The Ophel Promenade runs parallel to the eastern wall of Jerusalem’s Old City. It stretches from the Lions’ Gate and entrance to the Gihon Spring, around the southeastern corner of the Old City to the Dung Gate and the City of David archaeological site. The promenade is part of the Jerusalem Walls National Park that surrounds the Old City. On the western side of the promenade is the Old City wall, and beyond it stands Temple Mount.
On the eastern side of the promenade is Kidron Valley and beyond it the Mount of Olives. Along the promenade are observation points at strategic locations to give visitors the best views in all directions. Highlights of the Ophel Promenade are the views of churches on the Mount of Olives, a close-up view of the sealed Golden Gate in the Old City walls, and views of the Ophel Archaeological Garden.
The Biblical word Ophel refers to a part of a settlement built on an elevated and fortified piece of land. In the Bible, Ophel refers specifically to two cities, Samaria (Kings II, 5:24) and the City of David (Chronicles II, 27:3; 33:14 and Nehemiah, 3:26; 11:21). The City of David was King David’s city, established just outside the walls of present-day Jerusalem’s Old City.
From the Biblical references, experts have established that Jerusalem’s Ophel was on the eastern ridge, sloping down to the Temple on Temple Mount. In the Bible, the Ophel is described as being an area of strategic importance. Roman historian, Josephus described the Ophel as a place on the eastern ridge, next to the southeast corner of Temple Mount. This area is now within the Ophel Archaeological Garden.
A walk along the Ophel Promenade takes you past the Ophel Archaeological Garden, which is part of the Davidson Center Archaeological Garden. Here excavations have uncovered artifacts from the First Temple and Second Temple periods, as well as Byzantine and Early Muslim periods. A 3,000-year-old pottery shard was discovered bearing a description of Jerusalem. This artifact is known as the Ophel Inscription or Ophel Pithos and is the earliest alphabetical description of Jerusalem in existence.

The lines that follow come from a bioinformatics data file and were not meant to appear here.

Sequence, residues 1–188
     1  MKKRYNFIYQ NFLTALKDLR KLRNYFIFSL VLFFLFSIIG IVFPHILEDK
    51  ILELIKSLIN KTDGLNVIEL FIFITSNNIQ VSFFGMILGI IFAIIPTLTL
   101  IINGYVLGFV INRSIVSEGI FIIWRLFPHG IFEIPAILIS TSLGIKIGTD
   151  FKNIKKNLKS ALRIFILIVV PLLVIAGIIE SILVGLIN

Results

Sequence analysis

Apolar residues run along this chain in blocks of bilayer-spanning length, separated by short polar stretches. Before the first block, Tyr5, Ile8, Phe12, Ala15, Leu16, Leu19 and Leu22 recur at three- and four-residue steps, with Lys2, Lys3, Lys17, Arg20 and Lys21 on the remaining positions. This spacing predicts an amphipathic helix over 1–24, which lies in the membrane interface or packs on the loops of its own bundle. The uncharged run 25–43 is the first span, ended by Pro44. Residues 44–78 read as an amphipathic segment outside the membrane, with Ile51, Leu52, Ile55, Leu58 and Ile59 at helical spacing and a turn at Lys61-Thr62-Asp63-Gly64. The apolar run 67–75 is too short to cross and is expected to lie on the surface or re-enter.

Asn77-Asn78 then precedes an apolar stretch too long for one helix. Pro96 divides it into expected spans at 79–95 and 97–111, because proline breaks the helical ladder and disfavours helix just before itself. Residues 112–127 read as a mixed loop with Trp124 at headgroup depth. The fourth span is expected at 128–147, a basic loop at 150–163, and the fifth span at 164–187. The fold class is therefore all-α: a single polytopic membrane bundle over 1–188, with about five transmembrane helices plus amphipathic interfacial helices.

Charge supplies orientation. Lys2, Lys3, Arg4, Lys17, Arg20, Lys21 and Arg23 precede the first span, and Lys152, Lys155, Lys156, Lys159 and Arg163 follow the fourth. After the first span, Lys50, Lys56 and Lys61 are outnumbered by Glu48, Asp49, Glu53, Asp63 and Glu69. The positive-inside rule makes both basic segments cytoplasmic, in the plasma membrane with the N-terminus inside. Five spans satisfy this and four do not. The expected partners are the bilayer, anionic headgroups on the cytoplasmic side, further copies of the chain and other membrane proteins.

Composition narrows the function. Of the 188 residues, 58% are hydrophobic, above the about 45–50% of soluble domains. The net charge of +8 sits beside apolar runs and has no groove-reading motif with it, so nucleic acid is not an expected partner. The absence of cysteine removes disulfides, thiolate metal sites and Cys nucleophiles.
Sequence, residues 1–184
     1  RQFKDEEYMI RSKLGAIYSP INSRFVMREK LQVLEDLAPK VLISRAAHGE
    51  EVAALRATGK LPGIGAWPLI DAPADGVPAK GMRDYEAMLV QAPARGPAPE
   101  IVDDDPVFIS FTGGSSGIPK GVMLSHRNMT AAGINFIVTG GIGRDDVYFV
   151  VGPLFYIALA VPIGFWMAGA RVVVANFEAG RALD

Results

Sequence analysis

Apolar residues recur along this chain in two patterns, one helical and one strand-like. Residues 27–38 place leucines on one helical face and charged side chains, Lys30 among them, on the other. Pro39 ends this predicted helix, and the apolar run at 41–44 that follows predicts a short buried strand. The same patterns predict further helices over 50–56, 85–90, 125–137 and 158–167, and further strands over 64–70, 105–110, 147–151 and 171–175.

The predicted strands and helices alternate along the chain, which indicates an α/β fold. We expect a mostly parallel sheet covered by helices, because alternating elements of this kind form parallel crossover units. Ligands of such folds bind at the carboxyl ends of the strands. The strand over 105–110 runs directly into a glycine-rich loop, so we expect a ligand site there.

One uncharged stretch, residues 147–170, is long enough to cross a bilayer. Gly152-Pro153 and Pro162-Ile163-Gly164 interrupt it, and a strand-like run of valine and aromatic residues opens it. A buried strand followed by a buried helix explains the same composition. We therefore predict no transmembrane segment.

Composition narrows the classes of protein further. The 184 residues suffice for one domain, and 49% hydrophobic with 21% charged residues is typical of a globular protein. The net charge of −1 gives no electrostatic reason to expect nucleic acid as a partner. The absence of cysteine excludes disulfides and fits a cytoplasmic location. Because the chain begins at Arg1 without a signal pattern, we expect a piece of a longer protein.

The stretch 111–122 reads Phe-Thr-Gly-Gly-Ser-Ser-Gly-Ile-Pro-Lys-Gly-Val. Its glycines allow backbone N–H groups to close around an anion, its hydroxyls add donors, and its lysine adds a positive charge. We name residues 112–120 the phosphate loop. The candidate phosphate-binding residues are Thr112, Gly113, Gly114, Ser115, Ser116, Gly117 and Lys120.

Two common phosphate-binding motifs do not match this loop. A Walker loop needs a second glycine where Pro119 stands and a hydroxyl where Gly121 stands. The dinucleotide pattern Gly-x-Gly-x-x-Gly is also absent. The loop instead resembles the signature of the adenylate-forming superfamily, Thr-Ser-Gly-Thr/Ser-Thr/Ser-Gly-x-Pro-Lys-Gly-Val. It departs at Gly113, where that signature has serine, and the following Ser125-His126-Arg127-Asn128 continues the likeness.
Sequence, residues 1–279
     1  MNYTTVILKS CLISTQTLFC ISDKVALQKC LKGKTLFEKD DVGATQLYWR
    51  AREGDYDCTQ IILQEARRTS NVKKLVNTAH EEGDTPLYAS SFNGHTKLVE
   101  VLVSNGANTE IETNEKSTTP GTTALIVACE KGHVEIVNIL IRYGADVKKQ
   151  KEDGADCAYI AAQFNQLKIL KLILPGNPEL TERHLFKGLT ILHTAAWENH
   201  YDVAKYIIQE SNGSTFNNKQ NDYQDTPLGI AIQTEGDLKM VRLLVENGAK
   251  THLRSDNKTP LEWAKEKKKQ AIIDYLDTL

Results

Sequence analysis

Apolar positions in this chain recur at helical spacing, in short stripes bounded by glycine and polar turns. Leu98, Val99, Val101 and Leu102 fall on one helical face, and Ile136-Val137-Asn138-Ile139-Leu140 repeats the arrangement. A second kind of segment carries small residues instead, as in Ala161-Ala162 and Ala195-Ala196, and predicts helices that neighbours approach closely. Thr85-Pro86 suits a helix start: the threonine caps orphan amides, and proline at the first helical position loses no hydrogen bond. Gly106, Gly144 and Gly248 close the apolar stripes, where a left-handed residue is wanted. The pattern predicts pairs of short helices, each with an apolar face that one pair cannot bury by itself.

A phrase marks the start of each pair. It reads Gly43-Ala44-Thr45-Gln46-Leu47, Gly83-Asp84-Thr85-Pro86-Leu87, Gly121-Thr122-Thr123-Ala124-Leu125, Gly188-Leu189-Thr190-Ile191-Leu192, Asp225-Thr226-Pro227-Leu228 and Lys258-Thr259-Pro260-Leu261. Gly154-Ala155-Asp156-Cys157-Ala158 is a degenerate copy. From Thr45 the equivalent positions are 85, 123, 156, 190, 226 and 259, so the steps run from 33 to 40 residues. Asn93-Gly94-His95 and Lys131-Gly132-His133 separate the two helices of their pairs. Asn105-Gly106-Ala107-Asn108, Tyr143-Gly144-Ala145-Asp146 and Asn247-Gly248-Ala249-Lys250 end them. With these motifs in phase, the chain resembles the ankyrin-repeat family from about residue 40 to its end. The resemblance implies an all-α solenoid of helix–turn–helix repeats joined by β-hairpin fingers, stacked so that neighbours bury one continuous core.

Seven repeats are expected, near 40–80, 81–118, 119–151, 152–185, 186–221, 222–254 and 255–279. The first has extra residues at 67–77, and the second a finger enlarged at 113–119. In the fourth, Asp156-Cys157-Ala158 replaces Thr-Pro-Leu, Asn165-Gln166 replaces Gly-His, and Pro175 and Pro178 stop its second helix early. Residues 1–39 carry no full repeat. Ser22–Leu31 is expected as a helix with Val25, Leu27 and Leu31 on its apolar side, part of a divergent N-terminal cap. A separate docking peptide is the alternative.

Remains from the First Temple Period (1200BC-586BC) include a segment of the wall that probably encompassed the city. Other findings from the same era include a jar with a Hebrew inscription, an inner gatehouse, and a corner tower. Not all archaeological experts agree with the dating of these findings. There have also been discoveries of Hellenistic-period buildings. Archaeologists uncovered Roman-era ritual baths where worshipers may have bathed before entering the temple.
Also uncovered were the southern steps to Temple Mount, and some pots and stones still charred black from the fire that destroyed the First Temple. Excavations revealed Byzantine Christian structures and Muslim palaces from the Umayyad Period(661-750AD).
Along the length of the promenade, you can see the ancient Old City walls built by Ottoman ruler Suleiman the Magnificent between 1537 and 1541. The Golden Gate is one of eight gates in the Old City walls. But it is the only one that is sealed permanently. The gate has deep religious significance. For Jews, it is the gate where the Messiah will enter the city. For Christians, it is where Jesus entered the city on Palm Sunday.
And for Muslims, the gate is the site of Allah’s final judgment. As you turn the southeastern corner of the Old City, there is an observation point on the Ophel Promenade that looks out to Avshalom’s Tomb. The monumental rock-cut tomb is one of three in the Kidron Valley. The tomb with the conical roof is traditionally the burial place of Kind David’s rebellious son, Absalom. All of these ancient sites, and more, can be seen on a walk along the Ophel Promenade, from the Lions Gate to the Dung Gate.